A: There are several “options” that your humidor can have. For example, some have locks, which would prevent people in your office or home from snatching your stash without your permission. Other humidors have handles. These not only look elegant, but will aid you when you are moving the humidor from your beach house back to your winter home. Other important options that a humidor can have are shelves and dividers. These help you organise your cigars and keep different brands separated.
Q: How should premium cigars be stored?
A: The cigars must be kept at 70-72% humidity level to prevent them from drying out. This is best achieved by keeping them in a humidor. The humidor should have a Spanish cedar lining, to enhance the aroma and promote the aging of the cigar. If you are on a budget, there are cigar jars, made of glass that will do an adequate job. If you are really in a pinch you can use Tupperware, or a similar style food storage container. All of these storage devices must have a humidification element that releases moisture into the storage chamber.
Q: Why is there a high demand for Cuban Cigars?
A: Cravings for Cuban cigars are primarily related to wanting what we cannot have. However, the smoker on a quest for Cuban cigars should be wary, for Cuba produces as many mediocre cigars as any other country. In addition, the proliferation of counterfeit Cuban cigars, and the risk of a United States customs department fine, make the quest less than desirable. Many smokers find that the genuine Cuban stogies are too strong. The growers in the Dominican Republic, specifically the Breton and Fuente families, have made great strides in the last few years to create Cuban seed wrapper, such as from the Corojo plant, that was previously been available only in Cuba. Cigars with these wrappers equal the best of what Cuba offers, and can be seen on Corojo2000, the Breton Corojo Vintage, and the Fuente Opus X.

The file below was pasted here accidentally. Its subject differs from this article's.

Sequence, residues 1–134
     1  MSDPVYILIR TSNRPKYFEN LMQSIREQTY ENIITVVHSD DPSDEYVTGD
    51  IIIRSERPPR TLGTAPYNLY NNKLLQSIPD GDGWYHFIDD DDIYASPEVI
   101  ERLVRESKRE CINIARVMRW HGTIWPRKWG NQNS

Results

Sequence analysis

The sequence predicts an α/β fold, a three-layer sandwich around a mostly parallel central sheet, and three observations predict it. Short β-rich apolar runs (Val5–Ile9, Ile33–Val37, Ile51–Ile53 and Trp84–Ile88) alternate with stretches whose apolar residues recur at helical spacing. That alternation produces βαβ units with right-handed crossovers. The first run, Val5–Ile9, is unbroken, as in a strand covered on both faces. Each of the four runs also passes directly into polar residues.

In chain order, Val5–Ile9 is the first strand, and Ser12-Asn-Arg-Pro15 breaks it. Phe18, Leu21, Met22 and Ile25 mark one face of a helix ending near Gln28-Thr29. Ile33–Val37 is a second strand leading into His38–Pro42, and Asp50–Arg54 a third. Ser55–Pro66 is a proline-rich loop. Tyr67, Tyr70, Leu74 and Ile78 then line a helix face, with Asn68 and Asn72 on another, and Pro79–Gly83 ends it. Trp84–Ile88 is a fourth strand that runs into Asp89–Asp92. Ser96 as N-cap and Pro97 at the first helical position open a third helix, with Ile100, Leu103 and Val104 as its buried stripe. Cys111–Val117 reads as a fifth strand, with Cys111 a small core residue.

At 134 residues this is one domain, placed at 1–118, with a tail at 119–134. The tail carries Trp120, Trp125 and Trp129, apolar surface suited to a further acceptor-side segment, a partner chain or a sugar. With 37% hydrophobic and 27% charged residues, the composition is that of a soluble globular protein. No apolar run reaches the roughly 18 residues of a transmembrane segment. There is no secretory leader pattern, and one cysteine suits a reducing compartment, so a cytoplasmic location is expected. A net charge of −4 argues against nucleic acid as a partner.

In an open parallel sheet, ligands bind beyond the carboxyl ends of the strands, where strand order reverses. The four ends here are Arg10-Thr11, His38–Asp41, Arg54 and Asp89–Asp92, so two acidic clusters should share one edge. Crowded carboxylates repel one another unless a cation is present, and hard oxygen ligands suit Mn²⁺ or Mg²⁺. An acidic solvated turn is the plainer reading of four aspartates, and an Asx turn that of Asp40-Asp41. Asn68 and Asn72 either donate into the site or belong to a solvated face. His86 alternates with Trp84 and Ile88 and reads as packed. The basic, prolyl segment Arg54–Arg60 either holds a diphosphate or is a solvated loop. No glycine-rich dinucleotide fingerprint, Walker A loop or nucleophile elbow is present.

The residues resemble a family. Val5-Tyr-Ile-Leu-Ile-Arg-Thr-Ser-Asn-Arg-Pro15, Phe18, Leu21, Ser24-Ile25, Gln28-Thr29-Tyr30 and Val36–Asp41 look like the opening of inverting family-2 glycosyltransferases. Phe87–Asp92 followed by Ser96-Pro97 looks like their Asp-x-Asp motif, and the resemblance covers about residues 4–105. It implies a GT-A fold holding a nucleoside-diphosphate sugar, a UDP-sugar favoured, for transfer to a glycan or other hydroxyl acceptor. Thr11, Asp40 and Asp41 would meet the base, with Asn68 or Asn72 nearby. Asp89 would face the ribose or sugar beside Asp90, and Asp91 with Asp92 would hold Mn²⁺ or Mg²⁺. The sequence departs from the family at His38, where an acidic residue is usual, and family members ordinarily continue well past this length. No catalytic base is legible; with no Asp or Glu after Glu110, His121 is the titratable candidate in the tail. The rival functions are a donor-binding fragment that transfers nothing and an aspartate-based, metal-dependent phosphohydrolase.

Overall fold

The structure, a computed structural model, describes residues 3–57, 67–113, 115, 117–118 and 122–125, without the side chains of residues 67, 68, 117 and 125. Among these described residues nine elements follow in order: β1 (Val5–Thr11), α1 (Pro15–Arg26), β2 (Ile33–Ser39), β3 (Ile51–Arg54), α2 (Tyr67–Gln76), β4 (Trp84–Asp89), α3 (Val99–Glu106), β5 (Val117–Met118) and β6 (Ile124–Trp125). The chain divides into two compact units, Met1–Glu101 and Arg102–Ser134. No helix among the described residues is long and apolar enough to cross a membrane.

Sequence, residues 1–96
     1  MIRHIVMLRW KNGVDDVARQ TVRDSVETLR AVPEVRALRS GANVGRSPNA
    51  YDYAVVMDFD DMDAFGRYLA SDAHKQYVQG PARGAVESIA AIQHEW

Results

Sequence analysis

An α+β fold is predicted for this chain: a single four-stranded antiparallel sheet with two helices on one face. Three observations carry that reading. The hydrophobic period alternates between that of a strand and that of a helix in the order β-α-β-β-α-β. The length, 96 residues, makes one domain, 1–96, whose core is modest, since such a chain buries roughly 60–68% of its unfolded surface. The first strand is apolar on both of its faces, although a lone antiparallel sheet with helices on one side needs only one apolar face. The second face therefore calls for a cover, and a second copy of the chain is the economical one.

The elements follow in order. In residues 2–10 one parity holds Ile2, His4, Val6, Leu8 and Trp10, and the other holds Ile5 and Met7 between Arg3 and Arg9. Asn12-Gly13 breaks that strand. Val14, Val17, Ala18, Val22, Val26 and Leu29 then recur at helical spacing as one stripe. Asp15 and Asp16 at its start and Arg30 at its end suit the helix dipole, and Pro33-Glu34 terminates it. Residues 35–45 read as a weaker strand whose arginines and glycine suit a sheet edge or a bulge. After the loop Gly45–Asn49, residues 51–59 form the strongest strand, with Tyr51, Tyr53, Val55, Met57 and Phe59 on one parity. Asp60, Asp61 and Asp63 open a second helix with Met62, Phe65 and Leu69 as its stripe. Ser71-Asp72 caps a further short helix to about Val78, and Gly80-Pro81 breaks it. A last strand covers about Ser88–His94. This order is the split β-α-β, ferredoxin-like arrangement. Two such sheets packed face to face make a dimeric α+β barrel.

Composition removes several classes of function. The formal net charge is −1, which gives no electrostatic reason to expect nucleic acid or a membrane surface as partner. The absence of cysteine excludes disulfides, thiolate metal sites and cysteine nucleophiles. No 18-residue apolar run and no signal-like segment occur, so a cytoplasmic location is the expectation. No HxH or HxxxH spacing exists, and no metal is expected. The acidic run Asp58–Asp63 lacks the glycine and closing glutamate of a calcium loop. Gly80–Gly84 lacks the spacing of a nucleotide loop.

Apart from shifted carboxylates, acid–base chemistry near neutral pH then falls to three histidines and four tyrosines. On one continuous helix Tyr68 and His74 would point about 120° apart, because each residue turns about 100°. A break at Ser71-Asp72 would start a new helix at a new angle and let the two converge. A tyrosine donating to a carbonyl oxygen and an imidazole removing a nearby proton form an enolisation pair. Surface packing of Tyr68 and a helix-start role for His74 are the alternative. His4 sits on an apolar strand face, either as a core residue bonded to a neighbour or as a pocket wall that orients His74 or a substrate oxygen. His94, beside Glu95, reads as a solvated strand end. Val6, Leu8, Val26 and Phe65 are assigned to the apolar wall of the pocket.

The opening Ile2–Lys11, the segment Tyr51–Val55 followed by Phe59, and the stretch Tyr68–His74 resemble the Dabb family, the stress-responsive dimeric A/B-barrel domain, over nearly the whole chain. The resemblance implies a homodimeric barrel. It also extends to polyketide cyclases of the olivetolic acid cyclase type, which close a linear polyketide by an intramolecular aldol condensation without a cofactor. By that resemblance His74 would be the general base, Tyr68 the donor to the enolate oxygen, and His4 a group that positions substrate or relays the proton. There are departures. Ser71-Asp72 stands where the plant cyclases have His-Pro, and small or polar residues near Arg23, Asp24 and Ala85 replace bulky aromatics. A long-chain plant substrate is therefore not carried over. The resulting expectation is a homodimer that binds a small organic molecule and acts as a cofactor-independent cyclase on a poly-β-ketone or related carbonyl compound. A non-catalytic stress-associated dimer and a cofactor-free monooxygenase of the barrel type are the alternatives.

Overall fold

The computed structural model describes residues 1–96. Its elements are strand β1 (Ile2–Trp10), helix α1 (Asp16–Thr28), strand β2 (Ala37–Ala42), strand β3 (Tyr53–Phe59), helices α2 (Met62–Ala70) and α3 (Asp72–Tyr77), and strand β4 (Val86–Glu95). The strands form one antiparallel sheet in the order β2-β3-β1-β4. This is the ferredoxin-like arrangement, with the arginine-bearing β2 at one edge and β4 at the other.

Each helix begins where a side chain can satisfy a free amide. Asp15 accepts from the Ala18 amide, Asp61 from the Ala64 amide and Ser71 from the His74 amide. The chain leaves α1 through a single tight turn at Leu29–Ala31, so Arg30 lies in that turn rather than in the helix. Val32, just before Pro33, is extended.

Q: Why are Cuban cigars so distinguished?
A: As a rule, Cuban cigars have been the benchmark of the cigar industry for many years because Cuba is where the cigar business started over 150 years ago. The tobacco for almost all worldwide consumption of cigars was grown and processed in Cuba. There is a lot of heritage and tradition there, and it took many years for other countries to achieve the knowledge and techniques necessary to produce good cigars. The United States embargo against Castro forced the creation of an industry in the rest of the Caribbean. Many farmers, rollers, and factory owners fled to the Dominican Republic, Mexico, Nicaragua, Honduras, Jamaica and Florida. Over the years, some of the exiles in these countries developed raw materials and product that rivalled Cuban goods. Cigar Aficionado, most prominent cigar rating publication, has given excellent ratings to Dominican cigars that often exceed the ratings for Cuban cigars.
Q: How many different types of tobacco are there?
A: There are literally hundreds of strains of tobacco plants. They are grown on almost every continent, although only a handful are suitable for premium cigar production. Most of these are Cuban seed varieties that have been cultivated in other countries. The leaves from most Cuban seed varieties often reach 14-18 inches in length.
Q: What does Ligero, Seco, and Volado mean?
A: These are the classifications of leaf types that a single plant, regardless of its variety, will yield. Every tobacco plant for cigar applications has these three leaf types. Each is from a different part of the plant. Every cigar should have some combination of these leaves to burn correctly. The “ligero” leaves (pronounced lee-hair-oh) are taken from the top third of the plant. These offer the strength to the cigar’s flavour. The leaves from the middle third of the plant are called “seco” (pronounced say-ko). These have a mild flavour, and contribute to overall aroma. Finally, at the bottom third of the plant, are the “volado” leaves. These have little flavour, but are a necessary part of the blend due to their excellent burning characteristics. Ligero and seco leaves do not burn very well and need the help of the volado leaf to keep the cigar lit and burning smoothly. When a manufacturer is creating a blend, they will take some combination of these classifications, from various strains of plants, to produce the flavour they prefer.
Q: What is Colorado?
A: Colorado is a colour of wrapper that is in the medium brown colour spectrum. The most common variation is “Colorado Maduro”, which is typically grown in Indonesia, and is sometimes termed “Sumatra”. Another area that grows this shade of wrapper is Cameroon.
Q: What does “shade grown” or “sungrown” mean?